Infographic: Improved steroid inhaler prescribing sees £2 million reduction in monthly spend

Optimising prescribing of high-dose steroid inhalers can provide substantial reductions in NHS drugs spend, a study by Imperial College Healthcare NHS Trust has shown.

The , conducted on behalf of the London Respiratory Network, analysed the number and cost of high-dose corticosteroid combination inhalers prescribed on the NHS over a 15-month period.

High-dose corticosteroid combination inhalers currently account for two of the five ‘highest spend’ NHS medicines. Despite only being recommended for the small number of patients with asthma and COPD who have severe symptoms, evidence shows there is an over-reliance on their use.

Although the researchers note that some of the savings made will be offset by some patients being prescribed lower-dose inhaled corticosteroids, they believe that the drop in prescribing from 2015 to 2016 may reflect welcome changes in NHS practice, with more healthcare professionals stepping down patients off higher doses of these treatments or withdrawing them altogether if they are having no beneficial therapeutic effect.

'Tip of the savings iceberg'

"Our study shows that the NHS is starting to get to grips with this issue, making sure people with COPD and asthma are on the right treatments for their condition – reducing or withdrawing unnecessary high-dose inhaled corticosteroids as appropriate,"  said study leader Dr Vincent Mak of Imperial College Healthcare Trust.

"The health benefits and costs savings of getting it right are eye-watering. The NHS has already reduced its spend by £24 million a year from more effective prescribing – but given the widespread overuse of these drugs, and the potential for harm and waste reduction that’s possible – we could go even further. This could be just the tip of the savings iceberg."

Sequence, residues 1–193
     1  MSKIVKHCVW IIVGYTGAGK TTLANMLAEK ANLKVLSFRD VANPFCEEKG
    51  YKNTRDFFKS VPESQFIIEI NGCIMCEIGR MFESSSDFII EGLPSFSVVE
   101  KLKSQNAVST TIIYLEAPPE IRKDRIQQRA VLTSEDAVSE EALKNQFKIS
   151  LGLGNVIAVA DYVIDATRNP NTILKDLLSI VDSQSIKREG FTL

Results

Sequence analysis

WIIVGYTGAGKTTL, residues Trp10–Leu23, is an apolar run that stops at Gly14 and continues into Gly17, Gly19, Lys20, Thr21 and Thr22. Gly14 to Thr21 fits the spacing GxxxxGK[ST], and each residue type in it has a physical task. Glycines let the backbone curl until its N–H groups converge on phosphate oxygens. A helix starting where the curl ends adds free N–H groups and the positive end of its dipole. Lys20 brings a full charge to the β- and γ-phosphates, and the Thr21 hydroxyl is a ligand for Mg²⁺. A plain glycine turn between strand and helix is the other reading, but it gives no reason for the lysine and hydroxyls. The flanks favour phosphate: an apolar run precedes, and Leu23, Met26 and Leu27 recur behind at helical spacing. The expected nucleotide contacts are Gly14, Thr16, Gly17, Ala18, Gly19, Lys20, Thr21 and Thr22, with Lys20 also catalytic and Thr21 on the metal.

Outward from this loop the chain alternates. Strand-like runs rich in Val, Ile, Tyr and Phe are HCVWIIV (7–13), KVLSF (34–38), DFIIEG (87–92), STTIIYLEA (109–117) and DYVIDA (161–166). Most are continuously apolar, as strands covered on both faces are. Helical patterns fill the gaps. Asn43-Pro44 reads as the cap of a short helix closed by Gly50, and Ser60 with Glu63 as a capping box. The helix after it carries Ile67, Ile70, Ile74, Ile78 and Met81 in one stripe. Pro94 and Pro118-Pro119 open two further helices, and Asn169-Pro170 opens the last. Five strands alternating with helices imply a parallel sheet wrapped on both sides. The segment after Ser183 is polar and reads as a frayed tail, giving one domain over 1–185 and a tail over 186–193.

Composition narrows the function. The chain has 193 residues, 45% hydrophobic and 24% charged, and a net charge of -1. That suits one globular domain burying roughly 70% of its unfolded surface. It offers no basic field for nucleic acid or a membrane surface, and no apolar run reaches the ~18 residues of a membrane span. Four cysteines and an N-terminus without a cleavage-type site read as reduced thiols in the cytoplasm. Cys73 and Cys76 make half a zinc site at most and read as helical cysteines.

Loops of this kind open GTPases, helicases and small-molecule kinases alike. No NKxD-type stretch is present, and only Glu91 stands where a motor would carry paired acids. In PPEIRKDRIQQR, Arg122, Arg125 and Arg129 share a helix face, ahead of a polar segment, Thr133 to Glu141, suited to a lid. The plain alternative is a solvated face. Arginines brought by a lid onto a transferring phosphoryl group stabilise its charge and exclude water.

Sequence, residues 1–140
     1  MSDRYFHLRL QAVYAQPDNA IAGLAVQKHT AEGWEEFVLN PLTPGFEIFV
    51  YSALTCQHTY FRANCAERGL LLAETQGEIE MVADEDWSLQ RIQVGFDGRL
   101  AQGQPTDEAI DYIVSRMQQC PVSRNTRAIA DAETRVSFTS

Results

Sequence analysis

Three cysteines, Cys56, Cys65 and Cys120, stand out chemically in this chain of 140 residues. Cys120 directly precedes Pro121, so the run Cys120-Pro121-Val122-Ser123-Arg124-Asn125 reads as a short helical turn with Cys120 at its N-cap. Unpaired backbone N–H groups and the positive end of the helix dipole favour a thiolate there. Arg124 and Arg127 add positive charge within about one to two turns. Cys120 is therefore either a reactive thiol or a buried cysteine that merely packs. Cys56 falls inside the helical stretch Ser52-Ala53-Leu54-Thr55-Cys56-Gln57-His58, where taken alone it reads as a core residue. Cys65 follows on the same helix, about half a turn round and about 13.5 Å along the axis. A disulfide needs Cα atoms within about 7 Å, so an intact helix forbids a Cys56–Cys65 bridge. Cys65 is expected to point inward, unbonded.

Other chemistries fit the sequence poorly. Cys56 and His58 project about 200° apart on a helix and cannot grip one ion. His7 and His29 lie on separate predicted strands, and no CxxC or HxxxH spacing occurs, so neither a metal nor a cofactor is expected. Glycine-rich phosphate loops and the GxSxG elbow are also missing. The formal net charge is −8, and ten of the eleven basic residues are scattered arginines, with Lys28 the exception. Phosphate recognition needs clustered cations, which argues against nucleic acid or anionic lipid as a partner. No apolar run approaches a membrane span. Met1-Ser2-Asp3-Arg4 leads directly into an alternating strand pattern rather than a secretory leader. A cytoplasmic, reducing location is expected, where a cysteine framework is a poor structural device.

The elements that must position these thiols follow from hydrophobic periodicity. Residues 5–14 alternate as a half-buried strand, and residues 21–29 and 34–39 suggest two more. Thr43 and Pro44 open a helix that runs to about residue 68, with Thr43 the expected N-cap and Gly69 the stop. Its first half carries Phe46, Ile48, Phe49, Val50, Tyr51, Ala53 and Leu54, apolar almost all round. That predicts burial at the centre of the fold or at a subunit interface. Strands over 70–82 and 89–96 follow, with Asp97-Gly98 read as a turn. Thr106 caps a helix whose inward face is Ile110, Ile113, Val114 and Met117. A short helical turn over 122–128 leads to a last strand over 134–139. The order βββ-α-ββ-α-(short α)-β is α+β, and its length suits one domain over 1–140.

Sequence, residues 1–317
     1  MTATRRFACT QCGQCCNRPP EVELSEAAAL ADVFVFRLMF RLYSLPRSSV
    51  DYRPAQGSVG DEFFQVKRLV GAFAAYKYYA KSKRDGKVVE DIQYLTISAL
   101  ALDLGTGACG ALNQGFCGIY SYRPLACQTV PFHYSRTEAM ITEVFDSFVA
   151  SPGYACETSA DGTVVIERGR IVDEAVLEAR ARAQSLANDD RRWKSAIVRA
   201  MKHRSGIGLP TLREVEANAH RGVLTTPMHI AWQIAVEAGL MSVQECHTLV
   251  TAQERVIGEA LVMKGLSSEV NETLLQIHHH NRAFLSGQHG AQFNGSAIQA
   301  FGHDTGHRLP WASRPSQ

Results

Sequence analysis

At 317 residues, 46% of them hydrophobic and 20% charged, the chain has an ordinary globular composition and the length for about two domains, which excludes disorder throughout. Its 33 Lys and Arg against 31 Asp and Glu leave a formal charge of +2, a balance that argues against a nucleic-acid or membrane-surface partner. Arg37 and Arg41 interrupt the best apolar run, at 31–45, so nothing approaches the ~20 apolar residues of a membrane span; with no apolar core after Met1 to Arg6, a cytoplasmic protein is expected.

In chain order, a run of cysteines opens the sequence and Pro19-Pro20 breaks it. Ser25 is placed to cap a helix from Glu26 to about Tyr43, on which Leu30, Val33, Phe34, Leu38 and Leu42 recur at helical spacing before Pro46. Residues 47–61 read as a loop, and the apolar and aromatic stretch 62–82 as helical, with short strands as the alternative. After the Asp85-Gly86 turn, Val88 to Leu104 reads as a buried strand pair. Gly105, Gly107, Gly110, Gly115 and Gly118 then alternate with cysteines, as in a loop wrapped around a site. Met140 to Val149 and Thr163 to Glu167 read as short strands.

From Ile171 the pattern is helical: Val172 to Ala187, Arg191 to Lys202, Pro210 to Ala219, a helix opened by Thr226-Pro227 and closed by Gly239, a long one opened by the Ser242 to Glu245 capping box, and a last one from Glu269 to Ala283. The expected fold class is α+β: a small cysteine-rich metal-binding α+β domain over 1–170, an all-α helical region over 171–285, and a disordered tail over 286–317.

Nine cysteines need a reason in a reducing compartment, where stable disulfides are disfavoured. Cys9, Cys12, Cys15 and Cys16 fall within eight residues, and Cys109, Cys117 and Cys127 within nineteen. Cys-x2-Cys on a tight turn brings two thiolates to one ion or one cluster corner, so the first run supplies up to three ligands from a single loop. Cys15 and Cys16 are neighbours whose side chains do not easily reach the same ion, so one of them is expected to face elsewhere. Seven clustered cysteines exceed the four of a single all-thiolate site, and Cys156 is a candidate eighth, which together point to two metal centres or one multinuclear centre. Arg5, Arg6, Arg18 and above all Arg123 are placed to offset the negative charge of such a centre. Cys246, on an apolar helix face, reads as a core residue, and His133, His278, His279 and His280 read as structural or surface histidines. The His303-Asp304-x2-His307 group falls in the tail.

He added: "Every NHS Clinical Commissioning Group must get on top of this issue - as reviewing the appropriateness of high-dose inhaled corticosteroid prescribing in both COPD and asthma patients could reap real benefits."

Dr Lisa Davies, Consultant Respiratory Physician at Aintree University Hospital and Chair of the British Thoracic Society Board, said: 

"The NHS is under huge pressure to deliver quality care at the same time as reducing costs. I think this series of studies really highlights the immense value of consultant lung specialists using their expertise outside the hospital gates, working with colleagues in the community, to rigorously evaluate care - and make sure people with lung disease are on the best possible treatments."

"The potential financial savings for the NHS are huge – and these could be ploughed back into much more effective ways we can support people to breathe easier, such as stop smoking support."

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